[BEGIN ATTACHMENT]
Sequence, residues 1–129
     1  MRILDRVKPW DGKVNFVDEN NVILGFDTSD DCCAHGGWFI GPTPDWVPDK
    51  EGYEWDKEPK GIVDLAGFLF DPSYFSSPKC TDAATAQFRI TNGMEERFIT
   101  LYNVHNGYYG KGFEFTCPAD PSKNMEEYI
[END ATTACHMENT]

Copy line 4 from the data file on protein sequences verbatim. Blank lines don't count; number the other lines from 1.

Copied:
   101  LYNVHNGYYG KGFEFTCPAD PSKNMEEYI